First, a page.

Hundreds of East Lothian pubs risk closure over expired licences

HUNDREDS of pubs, restaurants and shops could be forced to stop selling alcohol across East Lothian if they miss the deadline to apply for new personal licences.

Friday, 8th March 2019, 3:40 pm
Updated Friday, 8th March 2019, 3:52 pm
A welcoming pint at the local pub is becoming endangered as almost two pubs close in Scotland every week

East Lothian Council has sent out more than 300 letters to personal licence holders in the county whose 10-year renewal is due on August 31.

However, the applications to renew must be in before the end of May under Scottish Government legislation, and so far only 39 have applied.

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Concern about the renewal policy, which is in its first year of practice after the first 10-year licences were issued in 2009, has been raised by licensed trade representatives who fear the deadline will be missed by many.

The Scottish Government has told personal licence holders whose 10 years are up that if they do not apply by May 31 their licence will expire on September 1 and they will be required to apply for a new one – which could take several weeks to get.

Personal licence holders must also provide a certificate to prove they have undergone refresher training in the last five years.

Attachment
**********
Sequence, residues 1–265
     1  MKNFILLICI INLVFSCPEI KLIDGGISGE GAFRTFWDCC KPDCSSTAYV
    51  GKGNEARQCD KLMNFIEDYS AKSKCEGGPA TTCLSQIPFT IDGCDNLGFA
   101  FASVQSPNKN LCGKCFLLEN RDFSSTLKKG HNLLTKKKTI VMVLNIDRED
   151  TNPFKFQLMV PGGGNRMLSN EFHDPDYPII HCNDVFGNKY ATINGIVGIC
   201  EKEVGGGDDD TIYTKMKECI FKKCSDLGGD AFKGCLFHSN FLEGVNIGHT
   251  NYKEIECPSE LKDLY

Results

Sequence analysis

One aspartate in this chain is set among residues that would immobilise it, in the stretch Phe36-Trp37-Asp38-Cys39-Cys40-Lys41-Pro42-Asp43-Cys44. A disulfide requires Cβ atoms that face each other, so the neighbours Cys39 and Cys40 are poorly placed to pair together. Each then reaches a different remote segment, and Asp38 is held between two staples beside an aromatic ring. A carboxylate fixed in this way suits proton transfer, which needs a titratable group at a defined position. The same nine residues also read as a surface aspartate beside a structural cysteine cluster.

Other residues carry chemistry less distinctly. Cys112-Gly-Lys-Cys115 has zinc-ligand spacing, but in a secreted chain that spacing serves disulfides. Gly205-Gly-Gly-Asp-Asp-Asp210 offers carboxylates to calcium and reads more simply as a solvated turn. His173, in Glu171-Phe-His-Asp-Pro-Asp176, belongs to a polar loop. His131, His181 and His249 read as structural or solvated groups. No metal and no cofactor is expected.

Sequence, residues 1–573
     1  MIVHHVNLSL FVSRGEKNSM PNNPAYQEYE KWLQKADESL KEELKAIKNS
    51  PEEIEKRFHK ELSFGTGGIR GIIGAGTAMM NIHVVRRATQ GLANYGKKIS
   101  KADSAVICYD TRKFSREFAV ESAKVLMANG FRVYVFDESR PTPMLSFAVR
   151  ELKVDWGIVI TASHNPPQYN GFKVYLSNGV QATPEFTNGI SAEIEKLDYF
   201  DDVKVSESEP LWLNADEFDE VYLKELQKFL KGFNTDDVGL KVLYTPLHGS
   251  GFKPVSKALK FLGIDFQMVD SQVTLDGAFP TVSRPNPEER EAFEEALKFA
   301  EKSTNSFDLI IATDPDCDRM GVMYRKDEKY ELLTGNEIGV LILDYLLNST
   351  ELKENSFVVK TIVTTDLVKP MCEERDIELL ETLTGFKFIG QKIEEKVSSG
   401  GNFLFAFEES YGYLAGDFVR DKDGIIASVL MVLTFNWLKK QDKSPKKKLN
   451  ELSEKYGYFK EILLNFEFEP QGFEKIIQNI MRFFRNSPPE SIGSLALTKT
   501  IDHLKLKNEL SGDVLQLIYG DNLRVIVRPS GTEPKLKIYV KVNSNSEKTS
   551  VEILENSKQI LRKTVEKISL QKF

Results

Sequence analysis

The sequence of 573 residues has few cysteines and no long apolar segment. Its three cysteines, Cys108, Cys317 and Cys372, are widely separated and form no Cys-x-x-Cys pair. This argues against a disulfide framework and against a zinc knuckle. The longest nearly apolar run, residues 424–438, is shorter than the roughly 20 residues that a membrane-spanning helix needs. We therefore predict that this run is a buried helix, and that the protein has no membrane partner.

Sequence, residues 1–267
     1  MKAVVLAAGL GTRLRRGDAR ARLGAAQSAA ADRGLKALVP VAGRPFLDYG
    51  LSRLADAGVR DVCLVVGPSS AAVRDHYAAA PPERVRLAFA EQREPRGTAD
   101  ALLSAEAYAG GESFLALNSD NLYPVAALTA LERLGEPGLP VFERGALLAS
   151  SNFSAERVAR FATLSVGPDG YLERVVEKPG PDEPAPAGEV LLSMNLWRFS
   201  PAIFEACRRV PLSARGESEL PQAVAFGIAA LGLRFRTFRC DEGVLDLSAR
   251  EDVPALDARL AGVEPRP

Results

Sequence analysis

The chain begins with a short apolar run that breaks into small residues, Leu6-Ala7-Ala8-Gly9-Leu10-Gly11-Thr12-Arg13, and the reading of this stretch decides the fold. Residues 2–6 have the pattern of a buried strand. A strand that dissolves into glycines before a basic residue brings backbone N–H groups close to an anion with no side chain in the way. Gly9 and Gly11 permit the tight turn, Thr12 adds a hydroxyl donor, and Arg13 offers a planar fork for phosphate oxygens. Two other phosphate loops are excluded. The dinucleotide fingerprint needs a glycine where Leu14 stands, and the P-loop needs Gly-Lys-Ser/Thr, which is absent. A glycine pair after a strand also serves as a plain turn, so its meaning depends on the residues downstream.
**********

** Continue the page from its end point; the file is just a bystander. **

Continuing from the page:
All licensed premises require a personal licence holder on site to allow them to sell alcohol.

UK Hospitality and the Association of Convenience Stores have urged the Scottish Government to scrap the 10-year renewal and issue personal licences for life – a move which has already taken place in England and Wales.

They claim the renewal process and training requirements are too complicated and fear licensing boards will not be able to process all the applications ahead of their expiration date.

East Lothian Council’s licensing standards officer Rudi Fruzynski revealed that only 39 people had returned applications for renewal out of 300 that had been sent reminder letters.

Speaking during a workshop discussion of members of the East Lothian Licensing Forum, Mr Fruzynski said the low return “highlights the concern of the licensing trade across Scotland”.

The Scottish Government advises licence holders: “The Licensing (Scotland) Act 2005 came into full effect in September 2009. As such, personal licence holders who first obtained their licence at the introduction of the existing regime need to renew their personal licence for the first time.

“It is strongly recommended that these personal licence holders take action now to undergo training and renew their licence.”

Last year the Scottish Government introduced a £50 fee for renewal applications.

Marie Sharp , Local Democracy Reporting Service